The goal of this research isn’t to create mice on demand. Its purpose is to gain insights into early life development. And that could lead to a giant leap in our understanding of what happens during the period in a woman’s pregnancy where the risk of miscarriage is highest.

According to professor Zernicka-Goetz,

magda3

Magdalena Zernicka-Goetz, PhD

“We can also now try to apply this to the equivalent human stem cell types and so study the very earliest events in human embryo development without actually having to use natural human embryos.The early stages of embryo development are when a large proportion of pregnancies are lost and yet it is a stage that we know very little about. Now we have a way of simulating embryonic development in the culture dish, so it should be possible to understand exactly what is going on during this remarkable period in an embryo’s life, and why sometimes this process fails.”

Muscle repair cells go rogue – a possible drug target for ALS?
Call it a case of a good cell gone bad. This week researchers at Sanford Burnham Prebys Medical Discovery Institute, report in Nature Cell Biology that fibro-adipogenic progenitors (FAPs) – cells that are critical in coordinating the repair of torn muscles – can turn rogue, causing muscles to wither and scar. This “Dr. Jekyl and Mr. Hype” discovery may lead to novel treatments for a number of incurable disorders like amyotrophic lateral sclerosis (ALS), spinal muscular atrophy (SMA) and spinal cord injury.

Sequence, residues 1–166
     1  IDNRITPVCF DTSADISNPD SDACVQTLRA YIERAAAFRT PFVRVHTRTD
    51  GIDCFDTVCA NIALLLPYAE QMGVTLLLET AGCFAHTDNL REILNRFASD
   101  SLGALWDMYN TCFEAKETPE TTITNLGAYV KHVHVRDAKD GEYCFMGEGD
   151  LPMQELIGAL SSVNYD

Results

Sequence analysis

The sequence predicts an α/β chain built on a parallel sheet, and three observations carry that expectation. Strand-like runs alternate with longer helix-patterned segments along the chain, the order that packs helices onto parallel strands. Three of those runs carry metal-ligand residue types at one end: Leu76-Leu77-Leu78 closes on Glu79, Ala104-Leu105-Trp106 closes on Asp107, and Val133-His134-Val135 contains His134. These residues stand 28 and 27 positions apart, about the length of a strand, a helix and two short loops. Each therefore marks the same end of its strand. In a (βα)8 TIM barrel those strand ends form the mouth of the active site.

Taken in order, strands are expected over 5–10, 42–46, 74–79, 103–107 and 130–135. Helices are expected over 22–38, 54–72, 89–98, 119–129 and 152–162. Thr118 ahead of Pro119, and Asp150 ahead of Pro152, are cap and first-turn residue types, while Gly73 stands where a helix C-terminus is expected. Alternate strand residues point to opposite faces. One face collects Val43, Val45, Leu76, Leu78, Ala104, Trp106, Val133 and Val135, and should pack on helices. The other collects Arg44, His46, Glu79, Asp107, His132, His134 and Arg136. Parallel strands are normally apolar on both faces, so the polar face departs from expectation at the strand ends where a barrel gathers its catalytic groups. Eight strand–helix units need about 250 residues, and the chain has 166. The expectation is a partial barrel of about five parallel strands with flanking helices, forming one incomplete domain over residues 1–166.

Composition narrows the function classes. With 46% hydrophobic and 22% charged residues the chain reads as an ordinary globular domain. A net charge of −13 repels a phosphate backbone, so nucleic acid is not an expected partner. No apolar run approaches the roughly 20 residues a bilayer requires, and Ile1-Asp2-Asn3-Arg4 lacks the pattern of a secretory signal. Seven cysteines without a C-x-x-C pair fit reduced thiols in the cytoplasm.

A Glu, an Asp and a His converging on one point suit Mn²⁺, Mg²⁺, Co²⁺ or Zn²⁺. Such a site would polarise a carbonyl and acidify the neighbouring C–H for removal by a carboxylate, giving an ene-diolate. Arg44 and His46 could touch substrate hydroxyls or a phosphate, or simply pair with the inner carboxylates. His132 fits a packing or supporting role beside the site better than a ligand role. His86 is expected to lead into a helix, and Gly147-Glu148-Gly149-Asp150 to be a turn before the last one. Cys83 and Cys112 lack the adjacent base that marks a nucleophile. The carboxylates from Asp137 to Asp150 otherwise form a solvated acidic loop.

drjekyllmrhy

Senior author Pier Lorenzo Puri, M.D. (right) and co-first author Luca Madaro, Ph.D. Credit: Fondazione Santa Lucia IRCCS

When muscle is strained, whether due to an acute injury or even weight-lighting, a consistent order of events occurs within the muscle. FAB cells enter the muscle tissue after immune cells called macrophages come in and gobble up dead tissue but before muscle stem cells are stimulated to regenerate the lost muscle. However, to the researchers’ surprise, something entirely different happens in the case of neuromuscular disorders like ALS where nerve signal connections to the muscles degenerate.

Once nerves are no longer attached to muscle and stop sending movement signals from the brain, the macrophages don’t infiltrate the muscle and instead the FAPs pile up in the muscle and never leave. And as a result, muscle stem cells are never activated. In ALS patients, this cellular train crash leads to progressive loss of muscle control to move the limbs and ultimately even to breathe.

The promising news from these findings, which were funded in part by CIRM, is that the team identified of an out-of-whack cell signaling pathway that is responsible for the breakdown in the rogue function of the FAP cells. The researchers hope further studies of this pathway’s role in muscle degeneration may lead to novel therapies and disease-screening technologies for ALS and other motor neuron diseases.